HOF Chest 4

Tale of twin chests among stories in historic Odessa book

Betsy PriceCulture, Headlines

HOF Chest 4

This Delaware-made chest bought at auction sported a tag that said said it belonged to the Corbitt-Sharp House in Historic Odessa. Photo from the Historc Odessa Foundation.


The discovery came via a telephone call.

On the other end of the call, an antiques collector told Deborah Buckson, executive director of the Historic Odessa Foundation, that he’d just bought at auction a chest that had a label on the back that said Corbit-Sharp House.

That’s one of the foundation’s core historic home from Delaware’s Colonial days.

“Do you want to see it,” asked the collector, whom Buckson declines to identify.

“Yes, please,” she said.

Historic Houses of Odessa Historic Odessa Foundation John Janvier

Philip D. Zimmerman

The fortuitous purchase turned out to be a four-drawer chest built for the house in 1806 by local furniture maker John Janvier Sr., a craftsman whose skill rivaled any of those in Philadelphia, Buckson said.

Now the chest’s history is detailed in “A Storied Past: Collections of Historic Odessa,” a new book that looks at the decorative and fine arts in the foundation’s Corbitt-Sharp and Wilson-Warner homes.

The 1769 Wilson-Warner House in 1923 became Delaware’s first house museum.

Then, H.F. du Pont of Winterthur was still leading the charge on collecting American-made antiques, and other area du Pont homes that became modern cultural touchstones were still inhabited by their owners.

Author Philip D. Zimmerman of Lancaster, Pennsylvania, a national authority on early American furniture, will talk about researching and writing “A Storied Past” before he signs copies of it Thursday, Sept. 21, at 4:30 p.m. at the Foundation at 201 Main Street.

Zimmerman was able to use the foundation’s rich archival and genealogical sources to profile 100 decorative and fine art pieces from the Historic Odessa Foundation’s collections.

The book includes more than 200 photographs, including many detail and historic images, along with careful physical descriptions and historical documentation.

Ultimately, Zimmerman’s work not only illuminates the furnishings, art and artifacts by detailing their provenances and owners, but also places them into their artistic, social and historical contexts of their time.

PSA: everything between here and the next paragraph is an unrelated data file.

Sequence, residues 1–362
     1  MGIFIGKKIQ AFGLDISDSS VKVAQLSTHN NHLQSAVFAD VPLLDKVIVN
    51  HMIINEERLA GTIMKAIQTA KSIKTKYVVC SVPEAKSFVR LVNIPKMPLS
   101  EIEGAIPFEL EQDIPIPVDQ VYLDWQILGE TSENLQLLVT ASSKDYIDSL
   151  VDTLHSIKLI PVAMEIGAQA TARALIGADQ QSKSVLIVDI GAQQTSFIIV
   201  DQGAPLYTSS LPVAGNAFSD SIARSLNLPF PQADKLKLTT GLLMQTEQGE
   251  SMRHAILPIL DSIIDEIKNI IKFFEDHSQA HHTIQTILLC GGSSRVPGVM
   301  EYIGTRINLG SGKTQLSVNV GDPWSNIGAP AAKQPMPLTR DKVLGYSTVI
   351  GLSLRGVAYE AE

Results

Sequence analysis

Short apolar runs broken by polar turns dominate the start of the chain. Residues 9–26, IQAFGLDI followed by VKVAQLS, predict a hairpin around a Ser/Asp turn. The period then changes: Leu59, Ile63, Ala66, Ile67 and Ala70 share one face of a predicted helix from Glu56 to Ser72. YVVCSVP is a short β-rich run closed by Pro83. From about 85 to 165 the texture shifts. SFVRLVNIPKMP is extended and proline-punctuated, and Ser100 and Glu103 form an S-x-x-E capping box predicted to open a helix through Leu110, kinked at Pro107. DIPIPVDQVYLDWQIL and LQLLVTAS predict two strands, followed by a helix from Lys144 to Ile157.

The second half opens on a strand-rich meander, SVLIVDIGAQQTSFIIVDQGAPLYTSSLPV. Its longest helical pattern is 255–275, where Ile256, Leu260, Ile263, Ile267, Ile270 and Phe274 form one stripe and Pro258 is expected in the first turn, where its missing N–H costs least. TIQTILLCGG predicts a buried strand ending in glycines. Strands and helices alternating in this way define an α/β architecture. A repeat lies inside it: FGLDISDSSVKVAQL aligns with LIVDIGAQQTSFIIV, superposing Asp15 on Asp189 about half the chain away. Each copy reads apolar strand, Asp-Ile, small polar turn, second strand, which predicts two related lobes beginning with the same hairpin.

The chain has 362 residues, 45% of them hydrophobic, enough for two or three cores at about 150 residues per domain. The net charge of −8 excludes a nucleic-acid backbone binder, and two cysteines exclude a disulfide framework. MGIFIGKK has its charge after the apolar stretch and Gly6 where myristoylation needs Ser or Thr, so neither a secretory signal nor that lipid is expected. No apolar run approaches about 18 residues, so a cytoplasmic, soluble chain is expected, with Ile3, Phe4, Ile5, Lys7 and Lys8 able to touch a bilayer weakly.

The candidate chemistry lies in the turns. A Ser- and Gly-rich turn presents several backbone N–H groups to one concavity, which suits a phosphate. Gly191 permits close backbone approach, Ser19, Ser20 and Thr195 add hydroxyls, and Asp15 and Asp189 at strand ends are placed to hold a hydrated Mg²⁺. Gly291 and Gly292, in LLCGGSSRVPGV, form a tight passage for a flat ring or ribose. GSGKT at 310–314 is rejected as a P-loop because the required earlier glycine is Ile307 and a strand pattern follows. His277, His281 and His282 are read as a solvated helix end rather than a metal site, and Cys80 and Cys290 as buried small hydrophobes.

The historic district in Odessa is a 72-acre enclave of 18th and 19th century structures, two miles from Route 1 and just off U.S. Route 13 in southern New Castle County.

The book details only a fraction of the 7,000 objects and furnishings from Delaware’s colonial period in an area originally known as Cantwell’s Bridge. It’s listed on the National Register of Historic Places and home to a National Historic Landmark and two National Park Service Network to Freedom sites.

A second Odessa chest

The story of the Janvier chest continues in the book.

Zimmerman was able to authenticate the chest, thanks to previous research and meticulous records that the foundation owns.

“The Corbits were very early collectors,” Buckson said. The chest had been listed in an 1818 family inventory.

“That was extraordinary for the time, because this is a young country,” she said. “People are just building their lives, this country is growing in its early stages, and you have this family that are interested in preserving their family history, which is some of the earliest collecting that you can find.”

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She and Zimmerman were looking at John A.H. Sweeney’s 1959 book, “Grandeur on the Appoquinimink: The House of William Corbitt at Odessa, Delaware,”  when they spotted another Janvier chest that looked just like the newly discovered one. Sweeney said in his book who owned it.

“So you suppose we could find that person,” Zimmerman asked.

“I know exactly who to call,” Buckson told him.

She called one of the family’s descendants and asked if she would happen to know where the chest of drawers was.

“I do,” the woman told her. “It’s in my bedroom.”

The owner invited Buckson and Zimmerman to come see it. Before they got there, she emptied everything out of it.

“We studied it,” Buckson said. “We took the drawers out. We looked at it with lights. We turned it over. And, low and behold, there as signature of John Janvier engraved on the bottom.”

“Well,” the owner said, “you must have it because it’s a pair. So the chest that was saved at an auction and the chest of drawers that was still in the family were a matched pair.

“There’s probably less than a dozen pairs of chests in the country. Now they’re both back together, living very happily at the Corbit-Sharp House.”




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